Medieval Highland sword with a broken tip used by elite Scottish warriors in the 15th century sells for £30,000 at auction after being discovered in a garage
- The rusty sword dates from battles in the Scottish Highlands in the 15th century
- It was found in a garage by a son who was clearing his late father’s belongings
- It was sold off by auction house Hutchinson Scott to a Canadian buyer for £30k
A rusty 600-year-old sword used by Highlander mercenaries has sold for a whopping £30,000.
The medieval weapon, believed to date from the 15th or 16th Century, originated in the Scottish Highlands.
Only a few swords from the era survive, with most displayed in ancestral homes or museums.
The sword was valued at £200 before being sold for 150 times that amount to a Canadian buyer by Hutchinson Scott auction house in Skipton, Yorkshire.
Hutchinson Scott said the dimpled surface of the sword meant it was likely to have been buried, submerged or exposed to the elements for many years.
The 15th or 16th Century used by Highlander mercenaries and valued at £200 which sold for £30,000 to a Canadian buyer
Hutchinson Scott also confirmed that the sword’s tip is missing.
The anonymous finder of the weapon was clearing out his recently deceased father’s garage in an undisclosed location.
The sword is now in London and is due to be shipped to Canada shortly.
The new buyer is paying a 20 per cent buyer’s premium on top of the £30,000 selling price – about £36,000 in total.
Paul Macdonald, a master-at-arms at Edinburgh-based sword makers Macdonald Armouries, had hoped to bid on the artefact and get a bargain.
He had planned to use the item to make a replica out of what he called a ‘very distinctive’ weapon.
‘These swords were incredibly light and incredibly fast,’ Macdonald said.
‘I thought I might get a bargain and I was prepared to go up a bit.
‘I was surprised when it went up to £6,000 and then £7,000.
Despite being priced out, Macdonald said he was glad its true value had been appreciated.
‘But really I am glad that it has gone for a price that reflects its true value.
‘Clearly, its significance has been recognised and you can only hope that it has gone to a good home and that it will be looked after.’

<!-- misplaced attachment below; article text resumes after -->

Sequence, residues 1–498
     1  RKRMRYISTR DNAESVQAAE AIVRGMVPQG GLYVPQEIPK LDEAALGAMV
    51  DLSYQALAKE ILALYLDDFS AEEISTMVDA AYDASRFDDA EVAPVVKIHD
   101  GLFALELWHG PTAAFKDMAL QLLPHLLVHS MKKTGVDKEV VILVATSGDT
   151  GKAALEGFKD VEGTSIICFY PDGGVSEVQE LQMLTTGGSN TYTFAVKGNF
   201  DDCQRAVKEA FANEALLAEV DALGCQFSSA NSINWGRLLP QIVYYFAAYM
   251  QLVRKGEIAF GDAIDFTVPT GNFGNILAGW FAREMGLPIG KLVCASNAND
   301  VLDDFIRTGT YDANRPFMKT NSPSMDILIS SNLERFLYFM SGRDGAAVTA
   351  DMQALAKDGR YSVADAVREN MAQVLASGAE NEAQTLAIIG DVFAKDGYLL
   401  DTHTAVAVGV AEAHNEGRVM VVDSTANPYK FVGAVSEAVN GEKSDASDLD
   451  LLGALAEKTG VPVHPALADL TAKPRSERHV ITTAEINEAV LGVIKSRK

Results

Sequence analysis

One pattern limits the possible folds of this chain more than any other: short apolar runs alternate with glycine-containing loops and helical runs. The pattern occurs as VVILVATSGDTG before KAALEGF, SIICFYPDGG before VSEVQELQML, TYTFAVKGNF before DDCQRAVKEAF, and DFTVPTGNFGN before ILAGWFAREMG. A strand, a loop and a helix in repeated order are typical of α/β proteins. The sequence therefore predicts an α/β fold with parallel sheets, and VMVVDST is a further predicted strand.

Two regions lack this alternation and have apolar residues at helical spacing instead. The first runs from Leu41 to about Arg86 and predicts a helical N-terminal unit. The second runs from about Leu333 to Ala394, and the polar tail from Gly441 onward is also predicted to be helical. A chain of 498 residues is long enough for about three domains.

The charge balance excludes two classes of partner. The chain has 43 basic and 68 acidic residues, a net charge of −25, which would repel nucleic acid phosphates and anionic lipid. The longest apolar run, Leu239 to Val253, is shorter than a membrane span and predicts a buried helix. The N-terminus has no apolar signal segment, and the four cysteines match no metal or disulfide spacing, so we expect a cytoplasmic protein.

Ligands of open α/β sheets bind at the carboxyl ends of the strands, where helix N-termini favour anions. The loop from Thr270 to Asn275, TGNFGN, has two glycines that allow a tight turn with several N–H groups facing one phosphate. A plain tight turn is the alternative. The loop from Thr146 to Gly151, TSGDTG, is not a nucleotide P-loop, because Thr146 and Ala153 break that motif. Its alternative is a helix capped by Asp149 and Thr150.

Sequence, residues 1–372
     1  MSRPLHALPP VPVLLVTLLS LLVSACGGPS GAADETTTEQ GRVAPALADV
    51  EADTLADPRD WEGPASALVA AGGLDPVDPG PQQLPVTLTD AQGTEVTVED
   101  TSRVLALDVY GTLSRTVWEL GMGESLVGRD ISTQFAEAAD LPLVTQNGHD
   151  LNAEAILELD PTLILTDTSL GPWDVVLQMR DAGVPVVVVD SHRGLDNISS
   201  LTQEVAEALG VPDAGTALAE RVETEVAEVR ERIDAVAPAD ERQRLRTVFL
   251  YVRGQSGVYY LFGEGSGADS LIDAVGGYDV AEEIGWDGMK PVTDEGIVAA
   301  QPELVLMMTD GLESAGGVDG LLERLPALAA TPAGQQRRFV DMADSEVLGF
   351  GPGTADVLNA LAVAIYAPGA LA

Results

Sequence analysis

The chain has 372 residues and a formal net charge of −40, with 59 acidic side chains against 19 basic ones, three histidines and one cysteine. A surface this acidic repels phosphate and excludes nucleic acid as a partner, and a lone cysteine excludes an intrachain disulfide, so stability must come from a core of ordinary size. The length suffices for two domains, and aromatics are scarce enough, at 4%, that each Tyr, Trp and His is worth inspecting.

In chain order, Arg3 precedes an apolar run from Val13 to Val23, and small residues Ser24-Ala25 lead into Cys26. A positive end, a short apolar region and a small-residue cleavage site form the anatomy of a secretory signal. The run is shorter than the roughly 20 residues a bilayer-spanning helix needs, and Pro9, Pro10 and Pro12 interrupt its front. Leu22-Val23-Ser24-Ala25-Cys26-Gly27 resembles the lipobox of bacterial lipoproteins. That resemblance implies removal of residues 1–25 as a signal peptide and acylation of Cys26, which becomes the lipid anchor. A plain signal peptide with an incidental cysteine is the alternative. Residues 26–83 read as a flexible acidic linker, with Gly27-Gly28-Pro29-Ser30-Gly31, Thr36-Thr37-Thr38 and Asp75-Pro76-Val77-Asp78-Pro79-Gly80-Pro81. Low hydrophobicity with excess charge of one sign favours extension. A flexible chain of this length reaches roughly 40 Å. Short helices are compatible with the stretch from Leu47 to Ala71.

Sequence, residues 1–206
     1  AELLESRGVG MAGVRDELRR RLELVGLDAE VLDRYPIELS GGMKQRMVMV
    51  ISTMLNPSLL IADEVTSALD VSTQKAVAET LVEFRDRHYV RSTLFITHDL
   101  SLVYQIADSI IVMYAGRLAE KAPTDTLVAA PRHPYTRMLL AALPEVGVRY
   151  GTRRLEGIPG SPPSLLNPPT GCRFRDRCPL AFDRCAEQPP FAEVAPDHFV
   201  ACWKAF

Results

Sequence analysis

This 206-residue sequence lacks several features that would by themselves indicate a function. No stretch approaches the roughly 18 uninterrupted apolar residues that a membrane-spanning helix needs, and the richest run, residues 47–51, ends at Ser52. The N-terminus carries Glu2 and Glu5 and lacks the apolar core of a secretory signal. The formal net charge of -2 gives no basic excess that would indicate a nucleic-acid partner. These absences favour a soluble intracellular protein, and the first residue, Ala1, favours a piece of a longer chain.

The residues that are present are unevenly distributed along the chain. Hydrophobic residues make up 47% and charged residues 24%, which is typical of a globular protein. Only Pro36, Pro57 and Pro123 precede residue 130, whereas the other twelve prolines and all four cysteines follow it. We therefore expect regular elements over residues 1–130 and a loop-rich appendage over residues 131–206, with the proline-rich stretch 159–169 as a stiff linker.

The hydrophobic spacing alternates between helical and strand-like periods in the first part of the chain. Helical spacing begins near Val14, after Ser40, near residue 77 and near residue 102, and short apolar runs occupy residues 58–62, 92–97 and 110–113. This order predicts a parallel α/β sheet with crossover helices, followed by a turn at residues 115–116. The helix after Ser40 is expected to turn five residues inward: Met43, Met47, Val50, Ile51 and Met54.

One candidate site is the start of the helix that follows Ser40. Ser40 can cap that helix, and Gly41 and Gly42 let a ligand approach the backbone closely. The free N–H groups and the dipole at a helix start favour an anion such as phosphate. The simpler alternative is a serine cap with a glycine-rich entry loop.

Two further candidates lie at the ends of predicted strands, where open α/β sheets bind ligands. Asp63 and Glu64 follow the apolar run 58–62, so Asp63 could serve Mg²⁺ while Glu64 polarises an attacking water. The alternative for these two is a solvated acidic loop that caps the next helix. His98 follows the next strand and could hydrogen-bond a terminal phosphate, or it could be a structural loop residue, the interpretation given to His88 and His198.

Despite its broken tip, the rusty red sword sold for £30,000 after originally being valued at £200
Macdonald said he had seen three or four other swords of this type, held in the National Museum of Ireland in Dublin.
He believes the sword was used by West Highlander members of the ‘gallowglass’ – the elite mercenary warriors from Scotland who were employed to defend Irish clans from the 13th to 16th centuries.
The gallowglass warriors were hired for their fighting prowess and were seen as effective bodyguards who were unlikely to become involved in local disputes.
This type of sword was also the weapon of choice for battles in the highlands of Scotland between the English.
The last known battle where this weapon was used was the Battle of Killiecrankie in 1689, won by Jacobite supporters of James VII of Scotland against troops of the ruling King William of Orange.
Jacobean revolts continued into the 18th century, culminating with the Jacobite rising of 1745 led by Charles Edward Stuart, grandson of James VII of Scotland.
WHAT WAS THE JACOBITE REBELLION of 1745-6?
The 1745 Jacobite Rebellion was a turning point in British history.
Believing the British throne to be his birthright, Charles Edward Stuart, aka the ‘Bonnie Prince Charlie’, planned to invade Great Britain along with his Jacobite followers and remove the Hanoverian ‘usurper’ George II.
The Jacobites were encouraged and assisted by Britain’s enemies, in particular the French, who saw support for the Stuarts as a way of distracting Britain from its military campaigns overseas.
There was a series of revolts and major outbreaks in 1708, 1715 and 1719.
Charles launched the rebellion on 19 August 1745 at Glenfinnan in the Scottish Highlands and was successful in capturing Edinburgh.
The 1745 Jacobite Rebellion was a turning point in British history. Believing the British throne to be his birthright, Charles Edward Stuart, aka the ‘Bonnie Prince Charlie’, planned to invade Great Britain along with his Jacobite followers
The Scots agreed at councils to invade England after Charles assured them of Jacobite support and a simultaneous French landing in Southern England.
But on reaching Derby, they decided to turn back as many felt thney had gone too far.
The invasion route had been selected to cross areas considered strongly Jacobite but the promised English support failed to materialise.
They were also now outnumbered and in danger of having their retreat cut off.
The decision was supported by the vast majority but caused an irretrievable split between Charles and his Scots supporters.
There was a series of revolts and major outbreaks in 1708, 1715 and 1719. Charles launched the rebellion on 19 August 1745 at Glenfinnan in the Scottish Highlands and was successful in capturing Edinburgh. Here, an impression of the uprising in 1716
The battle of Culloden ended in April and completely ended the Rebellion with significant backing for the Stuart cause.
Charles escaped to France and was unable to win support for another attempt to invade. he died in Rome in 1788.
Fran Caine, Assistant Events Manager at Historic Environment Scotland, said: ‘The Jacobite Risings form an important period in Scottish history.
‘Spanning around 60 years, these events shaped the Scotland, and in particular the Highlands, of today and their legacy is still visible in battlefields and defences – such as Fort George.
Fort George was built by the Government after the rebellion in a ‘strategic move to stop any further Risings by the Jacobites’.